A Sane America (with Gov. Johnson and Gov. Weld), a Strong Utah and Better Broadband, Better Lives
About Drew Clark
- Advocating for Gov. Gary Johnson and Gov. Bill Weld for President and Vice President
- Helping Utah to enhance advantages and confront challenges
- Promoting Better Broadband, Better Lives
A real choice in Gov. Gary Johnson and Gov. Bill Weld
In my Deseret News column of Sunday, May 22, I wrote: "In the election of 2016, might former Gov. Johnson be the best choice to bring prudence and reason to the presidency?" And in my Deseret News column on Sunday, June 5, I discussed what the team of Gary Johnson and Bill Weld means for the Libertarian Party ticket. See "Drew's Blog" for more recent columns.
Promoting dialogue through the Utah Breakfast Club
At UtahBreakfast.com, we are working to enhance advantages and confront challenges of life in Utah. Register and be a part of our upcoming events! And see our videos on public lands, on GigUtah, on education and workforce training, on improving air quality, and about digital media and film production here in Utah.
Working to advance communications technology for every American
Communications technology provides the basis for building up our quality of life, and helping experts and practitioners enjoy the benefits provided by broadband: job creation, telemedicine, online learning, public safety, the smart grid, eGovernment, and family connectedness. See BroadbandBreakfast.com and the Rural Telecommunications Congress.
Politics is about more than policy positions. When electing our president, we also need to choose a candidate who brings character and experience in governance.
Gary Johnson, the former governor of New Mexico, and Bill Weld, the former governor of Massachusetts, are the only candidates this year that meet all of these necessary qualifications. They are on the ballot in all 50 states. Among independent voters, they are leading in the polls over Republican Donald Trump and Democrat Hillary Clinton.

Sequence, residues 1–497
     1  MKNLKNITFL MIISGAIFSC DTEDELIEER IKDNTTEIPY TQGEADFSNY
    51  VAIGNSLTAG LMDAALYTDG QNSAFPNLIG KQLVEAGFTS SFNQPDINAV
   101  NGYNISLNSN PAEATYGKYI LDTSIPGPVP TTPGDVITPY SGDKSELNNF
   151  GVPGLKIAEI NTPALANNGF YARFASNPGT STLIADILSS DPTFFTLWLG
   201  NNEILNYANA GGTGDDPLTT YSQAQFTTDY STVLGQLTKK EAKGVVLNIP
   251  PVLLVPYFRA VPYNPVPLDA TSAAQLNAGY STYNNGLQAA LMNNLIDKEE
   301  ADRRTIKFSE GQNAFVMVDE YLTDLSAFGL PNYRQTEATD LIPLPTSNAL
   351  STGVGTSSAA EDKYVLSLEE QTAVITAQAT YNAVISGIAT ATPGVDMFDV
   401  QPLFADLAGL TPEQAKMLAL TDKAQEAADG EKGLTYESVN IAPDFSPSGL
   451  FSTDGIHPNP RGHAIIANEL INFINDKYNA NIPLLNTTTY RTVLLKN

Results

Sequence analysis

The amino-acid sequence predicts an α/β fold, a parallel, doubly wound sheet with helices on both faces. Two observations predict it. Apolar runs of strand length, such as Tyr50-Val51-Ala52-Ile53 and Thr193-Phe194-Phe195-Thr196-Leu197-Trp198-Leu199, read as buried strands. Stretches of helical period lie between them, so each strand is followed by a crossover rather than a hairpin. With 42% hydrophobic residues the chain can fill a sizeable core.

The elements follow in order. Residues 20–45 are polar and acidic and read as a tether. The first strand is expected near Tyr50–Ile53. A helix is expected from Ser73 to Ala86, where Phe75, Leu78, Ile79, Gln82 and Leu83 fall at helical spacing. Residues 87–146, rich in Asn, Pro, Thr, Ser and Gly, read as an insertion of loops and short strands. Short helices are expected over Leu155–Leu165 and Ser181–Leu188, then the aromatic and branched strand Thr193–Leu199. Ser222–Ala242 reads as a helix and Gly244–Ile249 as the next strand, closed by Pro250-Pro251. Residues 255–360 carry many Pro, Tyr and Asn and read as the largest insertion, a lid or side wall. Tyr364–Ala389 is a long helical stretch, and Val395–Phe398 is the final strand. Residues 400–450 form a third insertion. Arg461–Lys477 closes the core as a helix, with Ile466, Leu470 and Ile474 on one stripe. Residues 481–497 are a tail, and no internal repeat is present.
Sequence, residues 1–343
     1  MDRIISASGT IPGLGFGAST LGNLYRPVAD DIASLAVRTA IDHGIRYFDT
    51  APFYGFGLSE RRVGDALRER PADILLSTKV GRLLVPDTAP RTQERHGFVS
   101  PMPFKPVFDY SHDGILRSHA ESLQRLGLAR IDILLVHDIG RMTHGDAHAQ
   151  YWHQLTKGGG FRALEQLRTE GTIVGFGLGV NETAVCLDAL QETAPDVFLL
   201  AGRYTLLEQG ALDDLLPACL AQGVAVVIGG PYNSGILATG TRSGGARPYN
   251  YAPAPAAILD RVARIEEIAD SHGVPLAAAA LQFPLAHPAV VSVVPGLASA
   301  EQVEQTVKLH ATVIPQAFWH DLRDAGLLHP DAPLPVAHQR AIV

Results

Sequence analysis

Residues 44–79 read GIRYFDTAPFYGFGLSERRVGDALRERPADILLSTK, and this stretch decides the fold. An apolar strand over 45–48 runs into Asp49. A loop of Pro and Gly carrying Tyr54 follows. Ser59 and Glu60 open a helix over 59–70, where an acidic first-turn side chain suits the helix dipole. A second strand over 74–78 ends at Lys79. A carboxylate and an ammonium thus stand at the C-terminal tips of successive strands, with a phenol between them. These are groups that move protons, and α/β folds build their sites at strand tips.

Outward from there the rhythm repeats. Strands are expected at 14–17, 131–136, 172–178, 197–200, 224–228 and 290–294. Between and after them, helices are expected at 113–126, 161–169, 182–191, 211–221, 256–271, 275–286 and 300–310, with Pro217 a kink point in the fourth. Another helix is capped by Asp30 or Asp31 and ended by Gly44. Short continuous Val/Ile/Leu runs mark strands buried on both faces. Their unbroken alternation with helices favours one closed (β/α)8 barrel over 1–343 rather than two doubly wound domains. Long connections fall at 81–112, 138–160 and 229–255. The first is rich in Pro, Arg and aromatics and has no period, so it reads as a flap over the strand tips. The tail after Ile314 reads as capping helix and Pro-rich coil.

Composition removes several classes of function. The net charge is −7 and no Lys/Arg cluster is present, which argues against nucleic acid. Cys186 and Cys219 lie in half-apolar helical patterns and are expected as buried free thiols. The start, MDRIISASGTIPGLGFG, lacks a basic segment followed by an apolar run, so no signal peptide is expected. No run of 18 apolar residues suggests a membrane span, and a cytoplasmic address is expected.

As a Utahn who believes in common-sense conservative solutions, I’ve noticed a number of my friends express some interest in Provo native Evan McMullin, the former CIA agent who declared his candidacy for president in August. He seems to be a conservative, and his positions are superficially appealing to people of my political background.
But here’s why I’m supporting Johnson, not McMullin: The presidency is about more than one’s positions. Executive experience in government matters, as does honesty. And while Trump and Clinton fail on both of these tests, McMullin fails on experience. He and his newly-named vice-presidential candidate Mindy Finn, a Republican political consultant, don’t have presidential-level credentials.
By contrast, both Johnson and Weld were two-term governors. But that doesn’t mean they came to government via politics, the way Barack Obama and Hillary Clinton did. Johnson was a handyman entrepreneur who grew from a one-man shop to a 1,000-employee construction company in New Mexico. He ran for governor as a political outsider, and won.
The Commission on Presidential Debates has been explicitly organized by the two major political parties to keep viable alternatives — including Libertarian Party candidate Gov. Gary Johnson and running mate Gov. Bill Weld — off the podium.